Comfort: I've tried a number of knee pads, and the CE-certified Slayer knee pad is one of the most comfortable I've ridden in. The DK Impact pad itself is a "soft" pad, that hardens up on impact, and is pre-curved allowing for all-day comfort. Lightweight and low profile, the pads feature a super thin "AriaprenePro" mesh (w/odor control technology!), of sorts, allowing the knee pads to breathe. Silicone cuffs keep the pads in place and secure even in the roughest conditions (hot/cold weather, rain, sand) and terrain (technical, bouncy, smooth, etc). Lack of velcro makes for a non-binding, comfortable pad that stays in place.
Fit: Just like any other knee pad, the pads do stretch a bit with breaking. Once broken in, the pads are money! The combination of the fit and silicon cuffs can make them difficult to get off at times -- better than slipping, I say!
Coverage: Good coverage of the knee itself, as well as some of the shin -- Just the right amount.
Durability: After a full season of use (February - November), including international travel and the associated lack of appropriate care when traveling, some around the house gardening, and a stint in the washer and dryer after more or less every use, I'm proud to say that my knee pads are still kicking after a long season of racing. Even though the silicone has "cracked" slightly and started to peel, they are still plenty sticky, and stay right where I put them. Considering they've got at least 200 days of riding, and 150 rounds in the washer/dryer, I'd say these Slayer pads are beasts -- I've tried to abuse them, and they just keep going!
Pedaling: The Slayer's fit snug around my knee, but do not bind when pedaling -- you won't even notice them when descending. You might notice them on an extended climb, but they are not uncomfortable, nor do they hinder movement.
Impact: I've taken some solid impacts directly onto my knee(s) while wearing these pads and walked away unscathed. In the gnarliest crash, I think I got a little cherry on me knee underneath the pads, but no bruising or actual gash. The fabric covering the pad is plenty durable-- it won't tear or rip with an impact. The "soft" Impact foam gives you the protection of a big bulky pad, but in a comfortable, low-profile package.
Warranty: 2 year limited warranty... What more could you want?
While you may be saying to yourself, "You ride for Dakine- you're biased", I chose to ride only the highest quality of product -- product that I can stand behind and count on as a rider and racer. I've been fortunate to try a large number of knee pads, and these are the absolute best on the market. Do yourself a favor, and treat yourself to an early Christmas present -- you will be stoked!
Don't forget, Dakine makes a Slayer Elbow Pad as well, same construction, comfort and feedback!
See you on the trail,
With a little over five months from the last time I took to the start in Transcascadia, the first race of 2017 came up all too soon -- we had a pretty rough winter with over 108" of snow in the town of Hood River between December and February. Typically, we get about 10" a year, so you can imagine the chaos that ensued in town for those few months. And training, don't even talk to me about training. Our winter training grounds were snowed in up until about three weeks before we left for Portugal, meaning most of our training time was spent indoors this winter, leaving us with some serious nerves before the first race of the year.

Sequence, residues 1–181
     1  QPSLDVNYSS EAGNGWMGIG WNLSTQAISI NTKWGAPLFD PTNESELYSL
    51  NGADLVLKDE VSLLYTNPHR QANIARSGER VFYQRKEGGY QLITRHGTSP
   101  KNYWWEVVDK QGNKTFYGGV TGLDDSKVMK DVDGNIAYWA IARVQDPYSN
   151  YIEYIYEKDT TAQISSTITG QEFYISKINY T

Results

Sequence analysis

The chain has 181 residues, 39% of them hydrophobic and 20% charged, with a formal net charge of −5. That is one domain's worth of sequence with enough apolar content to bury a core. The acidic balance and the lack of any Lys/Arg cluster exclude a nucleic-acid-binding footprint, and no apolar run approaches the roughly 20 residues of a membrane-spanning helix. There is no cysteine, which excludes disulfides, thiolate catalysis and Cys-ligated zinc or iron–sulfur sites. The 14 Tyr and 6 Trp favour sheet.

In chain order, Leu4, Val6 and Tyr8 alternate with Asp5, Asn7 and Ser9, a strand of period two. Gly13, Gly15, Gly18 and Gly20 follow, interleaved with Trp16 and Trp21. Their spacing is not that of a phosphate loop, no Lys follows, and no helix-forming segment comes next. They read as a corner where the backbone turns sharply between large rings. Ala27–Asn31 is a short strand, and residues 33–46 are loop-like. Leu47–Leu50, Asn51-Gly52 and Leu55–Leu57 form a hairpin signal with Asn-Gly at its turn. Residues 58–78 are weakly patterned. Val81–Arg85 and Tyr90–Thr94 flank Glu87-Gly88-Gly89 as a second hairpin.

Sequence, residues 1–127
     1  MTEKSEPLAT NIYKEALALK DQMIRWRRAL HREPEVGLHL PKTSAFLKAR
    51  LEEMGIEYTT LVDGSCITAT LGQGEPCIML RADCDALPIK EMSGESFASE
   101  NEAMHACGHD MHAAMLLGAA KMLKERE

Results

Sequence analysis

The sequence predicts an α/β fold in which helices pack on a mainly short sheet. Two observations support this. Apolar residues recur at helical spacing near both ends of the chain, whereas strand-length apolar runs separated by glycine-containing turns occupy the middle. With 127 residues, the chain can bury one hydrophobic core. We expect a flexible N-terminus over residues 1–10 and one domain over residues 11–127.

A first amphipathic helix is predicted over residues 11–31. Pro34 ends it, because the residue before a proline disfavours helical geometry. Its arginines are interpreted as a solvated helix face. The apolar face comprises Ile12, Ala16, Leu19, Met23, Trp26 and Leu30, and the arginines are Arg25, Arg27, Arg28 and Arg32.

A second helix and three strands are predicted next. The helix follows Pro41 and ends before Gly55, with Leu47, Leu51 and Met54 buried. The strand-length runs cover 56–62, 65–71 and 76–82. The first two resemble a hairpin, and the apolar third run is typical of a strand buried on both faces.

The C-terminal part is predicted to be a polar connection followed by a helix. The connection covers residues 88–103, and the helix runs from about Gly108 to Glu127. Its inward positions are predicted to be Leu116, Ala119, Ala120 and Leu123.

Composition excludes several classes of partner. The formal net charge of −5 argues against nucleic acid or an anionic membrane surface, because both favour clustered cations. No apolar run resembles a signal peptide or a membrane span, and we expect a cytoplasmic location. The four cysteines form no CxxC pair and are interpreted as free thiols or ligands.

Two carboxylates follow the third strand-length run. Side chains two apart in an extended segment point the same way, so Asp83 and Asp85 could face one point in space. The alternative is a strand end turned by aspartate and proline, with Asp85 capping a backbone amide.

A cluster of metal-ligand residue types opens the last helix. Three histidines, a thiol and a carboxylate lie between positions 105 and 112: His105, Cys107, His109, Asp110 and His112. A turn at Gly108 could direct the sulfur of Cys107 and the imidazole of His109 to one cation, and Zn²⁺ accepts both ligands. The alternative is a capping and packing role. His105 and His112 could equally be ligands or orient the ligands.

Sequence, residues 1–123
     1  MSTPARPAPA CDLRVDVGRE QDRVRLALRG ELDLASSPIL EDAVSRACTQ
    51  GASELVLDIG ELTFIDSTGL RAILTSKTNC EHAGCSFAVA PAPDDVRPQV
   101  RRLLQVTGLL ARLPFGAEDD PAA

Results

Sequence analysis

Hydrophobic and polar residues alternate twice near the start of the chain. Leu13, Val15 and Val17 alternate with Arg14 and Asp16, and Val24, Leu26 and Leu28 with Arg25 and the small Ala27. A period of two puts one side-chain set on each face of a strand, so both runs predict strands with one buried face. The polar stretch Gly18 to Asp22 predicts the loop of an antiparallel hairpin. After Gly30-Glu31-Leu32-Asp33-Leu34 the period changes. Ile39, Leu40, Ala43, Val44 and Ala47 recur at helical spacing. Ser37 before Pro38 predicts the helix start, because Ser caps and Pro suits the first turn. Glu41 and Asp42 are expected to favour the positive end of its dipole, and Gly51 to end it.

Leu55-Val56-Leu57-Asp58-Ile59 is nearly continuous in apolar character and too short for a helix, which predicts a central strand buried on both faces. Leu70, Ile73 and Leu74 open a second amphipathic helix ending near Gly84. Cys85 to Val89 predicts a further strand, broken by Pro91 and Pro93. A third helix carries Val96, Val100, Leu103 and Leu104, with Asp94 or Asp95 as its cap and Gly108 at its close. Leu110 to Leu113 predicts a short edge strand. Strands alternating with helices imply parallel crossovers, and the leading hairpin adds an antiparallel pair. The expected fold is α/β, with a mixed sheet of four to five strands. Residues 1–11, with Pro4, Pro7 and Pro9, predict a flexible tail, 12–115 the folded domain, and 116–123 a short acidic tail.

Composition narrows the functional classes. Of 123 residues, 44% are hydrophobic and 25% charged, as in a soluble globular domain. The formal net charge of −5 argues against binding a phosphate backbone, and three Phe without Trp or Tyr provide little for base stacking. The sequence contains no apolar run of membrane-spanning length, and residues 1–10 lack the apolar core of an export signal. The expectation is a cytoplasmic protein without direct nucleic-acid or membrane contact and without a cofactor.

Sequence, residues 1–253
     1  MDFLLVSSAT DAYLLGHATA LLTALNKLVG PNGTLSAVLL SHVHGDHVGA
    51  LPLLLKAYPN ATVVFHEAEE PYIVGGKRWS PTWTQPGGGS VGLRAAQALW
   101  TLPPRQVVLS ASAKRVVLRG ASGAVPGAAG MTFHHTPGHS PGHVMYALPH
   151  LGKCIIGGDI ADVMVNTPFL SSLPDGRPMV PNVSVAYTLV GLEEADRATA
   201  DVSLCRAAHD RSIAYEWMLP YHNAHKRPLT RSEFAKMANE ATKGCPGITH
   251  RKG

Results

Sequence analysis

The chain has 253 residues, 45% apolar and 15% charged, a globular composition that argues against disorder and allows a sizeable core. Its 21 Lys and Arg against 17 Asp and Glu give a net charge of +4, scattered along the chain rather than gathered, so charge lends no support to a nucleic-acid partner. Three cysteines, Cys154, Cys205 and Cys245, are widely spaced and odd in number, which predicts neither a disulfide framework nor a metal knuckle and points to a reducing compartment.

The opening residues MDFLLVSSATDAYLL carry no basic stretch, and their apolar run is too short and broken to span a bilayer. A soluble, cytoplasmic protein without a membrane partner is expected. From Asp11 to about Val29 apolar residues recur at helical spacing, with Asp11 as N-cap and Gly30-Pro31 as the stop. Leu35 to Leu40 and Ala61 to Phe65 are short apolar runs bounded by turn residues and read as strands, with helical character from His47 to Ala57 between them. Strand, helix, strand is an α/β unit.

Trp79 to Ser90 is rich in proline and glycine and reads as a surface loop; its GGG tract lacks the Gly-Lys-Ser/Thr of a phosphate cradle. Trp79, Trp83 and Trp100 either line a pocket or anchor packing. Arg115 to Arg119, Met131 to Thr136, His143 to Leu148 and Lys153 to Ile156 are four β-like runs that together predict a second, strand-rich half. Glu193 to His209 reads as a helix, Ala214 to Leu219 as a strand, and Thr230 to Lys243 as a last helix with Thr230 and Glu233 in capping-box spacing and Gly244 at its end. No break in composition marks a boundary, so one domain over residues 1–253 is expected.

We arrived to the island about two weeks before the Enduro World Series to take advantage of some much needed R&R (and warm weather!), and get to know our bikes a little. Trails in the East (EWS race tracks) were closed when we arrived, so we focused our time on the west side of the island, where the reportedly "flow" trails were. "Jardim do Mar" was our home base, the Jewel of the Sea, known for it's surf waves, and sunsets. Jeremy of Bikculture was our guide for the first week, showing us all the island had to offer: Black Line, Red Line, Avalanche, Patrica and more.
Riding on the island is other-worldy -- Madeira is very mountainous, lush and volcanic, meaning there are microclimates everywhere! About every 200m, the vegetation and weather seems to change, and with it the dirt, and the level of tackiness. We would start up high in the fog, clouds spitting rain, as we dropped into a slick rock chute of a trail. This would then ease up and turn into treeless green grass/cow pasture (Keep your mouth closed!), with chunder rocks abound. We'd then strip jackets, and drop even lower into a Eucalyptus forest with clay for dirt. This clay was insanely slick, taking riders out left and right. Yet even lower, we'd hit the tacky goods and levada gaps, ending the day at the local poncha bar (Our new favorite drink: Fresh orange juice, rum and honey).
While we're on the topic, levadas are "open canals" developed in the early 16th century to distribute water from the rainfall heavy and wet regions of the north to the drier, sun-parched regions of the South. As you're riding along, you'll come across one of these levadas and either have a fun traverse along it to the next trail, or cross it via road gap - FUN!